Mohawk Valley Astronomical Society

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Venus Alive

by Perry Pezzolanella

Perhaps one of the most interesting questions concerning the planets involves Venus. Could Venus have life? With the blistering, nearly 900ºF surface temperature at a crushing atmospheric pressure 92 times Earth’s and carbon dioxide laced with sulfuric acid mist for air it may seem strange to ponder this question. However, high above the surface, around 30 miles up, conditions are more earthlike where life could possibly exist.

The clouds of Venus, when seen through ultraviolet light, have dark streaks. Something in the atmosphere absorbs ultraviolet radiation creating these streaks. It could be particulate matter mixed in the clouds or something dissolved by the sulfuric acid in the atmosphere such as iron chloride. How these particles could get so high into the atmosphere is another mystery since surface winds are so light. Could active volcanoes be the source? The particles could be coated with ring-shaped polymers of eight sulfur atoms, called S8 molecules, which exist in the clouds and are impervious to the corrosive effects of sulfuric acid. If the particles are microbes, they could be impervious to the corrosive effects of sulfuric acid. This theory is so inspiring that it has made its way into a science fiction novel by Ben Bova called “Venus” where the clouds thrive with bacteria. The only way to find out if this is true is to go to Venus and sample the clouds where the dark streaks are located. While Venus has been ignored by NASA since the early 1990s, there are plans to go back thanks to Russia.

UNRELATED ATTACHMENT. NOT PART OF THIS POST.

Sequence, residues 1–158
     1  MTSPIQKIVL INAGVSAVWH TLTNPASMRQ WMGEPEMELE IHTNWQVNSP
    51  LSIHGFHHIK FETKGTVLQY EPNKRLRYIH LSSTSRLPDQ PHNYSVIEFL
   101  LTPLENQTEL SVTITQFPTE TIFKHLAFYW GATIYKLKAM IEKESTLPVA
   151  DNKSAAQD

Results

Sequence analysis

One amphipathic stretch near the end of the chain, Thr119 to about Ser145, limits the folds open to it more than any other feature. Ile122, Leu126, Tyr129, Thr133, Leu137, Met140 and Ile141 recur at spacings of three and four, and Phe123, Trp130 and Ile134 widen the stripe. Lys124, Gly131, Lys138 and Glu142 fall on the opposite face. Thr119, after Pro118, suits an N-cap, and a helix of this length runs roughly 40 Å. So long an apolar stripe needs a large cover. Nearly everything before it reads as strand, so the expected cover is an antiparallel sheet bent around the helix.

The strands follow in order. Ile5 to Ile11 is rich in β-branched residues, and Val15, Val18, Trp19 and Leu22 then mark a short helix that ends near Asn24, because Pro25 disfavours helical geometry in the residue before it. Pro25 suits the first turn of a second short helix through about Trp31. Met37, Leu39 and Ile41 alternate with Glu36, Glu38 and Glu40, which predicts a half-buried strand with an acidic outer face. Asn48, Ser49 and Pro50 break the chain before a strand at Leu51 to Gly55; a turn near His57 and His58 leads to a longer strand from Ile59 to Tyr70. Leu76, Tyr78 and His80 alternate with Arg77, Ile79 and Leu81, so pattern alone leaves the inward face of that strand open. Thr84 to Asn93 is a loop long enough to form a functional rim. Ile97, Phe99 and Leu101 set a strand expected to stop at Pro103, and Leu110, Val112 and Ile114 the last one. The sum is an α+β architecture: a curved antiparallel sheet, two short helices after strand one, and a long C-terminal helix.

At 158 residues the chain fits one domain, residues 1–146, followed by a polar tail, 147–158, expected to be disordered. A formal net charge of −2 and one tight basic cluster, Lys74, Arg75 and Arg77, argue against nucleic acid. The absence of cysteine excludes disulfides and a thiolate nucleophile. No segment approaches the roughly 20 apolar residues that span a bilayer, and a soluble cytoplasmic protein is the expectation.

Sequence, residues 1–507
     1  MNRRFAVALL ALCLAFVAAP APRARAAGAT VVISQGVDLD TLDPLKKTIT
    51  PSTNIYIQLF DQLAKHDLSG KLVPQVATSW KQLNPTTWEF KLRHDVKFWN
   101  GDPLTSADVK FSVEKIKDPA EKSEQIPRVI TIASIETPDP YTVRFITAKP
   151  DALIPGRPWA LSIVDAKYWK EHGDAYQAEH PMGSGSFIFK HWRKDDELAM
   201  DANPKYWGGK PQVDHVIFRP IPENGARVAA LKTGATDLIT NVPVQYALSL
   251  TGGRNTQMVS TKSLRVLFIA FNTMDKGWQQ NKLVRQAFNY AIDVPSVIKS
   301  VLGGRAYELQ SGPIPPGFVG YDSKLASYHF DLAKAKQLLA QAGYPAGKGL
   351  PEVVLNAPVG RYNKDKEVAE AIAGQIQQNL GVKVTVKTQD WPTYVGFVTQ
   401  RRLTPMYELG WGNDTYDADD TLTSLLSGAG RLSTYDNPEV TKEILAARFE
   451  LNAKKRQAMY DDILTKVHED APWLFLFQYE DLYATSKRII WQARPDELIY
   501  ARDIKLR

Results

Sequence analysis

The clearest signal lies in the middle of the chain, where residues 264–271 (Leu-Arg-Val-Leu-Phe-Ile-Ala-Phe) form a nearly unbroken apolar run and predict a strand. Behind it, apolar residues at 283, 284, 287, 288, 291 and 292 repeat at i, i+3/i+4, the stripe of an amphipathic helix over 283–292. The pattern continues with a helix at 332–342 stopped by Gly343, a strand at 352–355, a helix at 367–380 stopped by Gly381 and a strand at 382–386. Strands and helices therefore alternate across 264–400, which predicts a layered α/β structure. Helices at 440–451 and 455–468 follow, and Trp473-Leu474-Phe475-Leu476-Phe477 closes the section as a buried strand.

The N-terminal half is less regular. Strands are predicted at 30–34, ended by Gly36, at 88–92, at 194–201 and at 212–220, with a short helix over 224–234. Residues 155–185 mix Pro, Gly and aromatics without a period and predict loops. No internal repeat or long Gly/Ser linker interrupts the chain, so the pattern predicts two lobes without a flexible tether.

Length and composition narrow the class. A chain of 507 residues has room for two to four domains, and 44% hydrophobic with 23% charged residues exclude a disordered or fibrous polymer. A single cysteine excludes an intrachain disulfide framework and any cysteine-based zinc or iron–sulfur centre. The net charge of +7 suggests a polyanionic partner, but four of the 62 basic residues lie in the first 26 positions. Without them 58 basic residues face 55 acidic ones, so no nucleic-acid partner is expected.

Venera-D is a Venus mission that the Russian Space Agency ROSCOSMOS has been working on that would descend into the thick clouds and place a lander on the surface. There are plans to add a balloon, or better yet, an unmanned aerial vehicle (UAV) which would sail through the clouds for an extended period of time. If the UAV is approved, it would take meteorological measurements to try to determine why the atmosphere rotates so fast compared to the surface. The UAV would be solar powered as it would be sunny enough at that altitude, which would allow it to stay aloft for at least one Earth year. It would glide freely into the night side at which point it would descend lower, but then would power back up in the daylight and climb to higher altitudes. With enough solar power, it could run on electric propellers for a long time. This would make it possible for it to move from region to region, cloud to cloud mass, into clearings and regions where the ultraviolet absorbing particles may be. An UAV allows better maneuverability than a balloon and would be longer lasting allowing better sampling of the atmosphere. It would have added buoyancy from either hydrogen or helium gas.

Venera-D has been in the works for awhile and was hampered by the loss of Phobos-Grunt along with technical and budget issues. The original plan of a lander lasting for a few days to a few weeks has proven to be too challenging and costly to design, but a Venus aerial vehicle is more realistic and may even last longer than a Venus year of 225 days. There are hopes of finally returning to this nearly forgotten and still mysterious world, but Venera-D would not fly before 2025. It would be the most bizarre discovery to find life at Venus instead of Mars!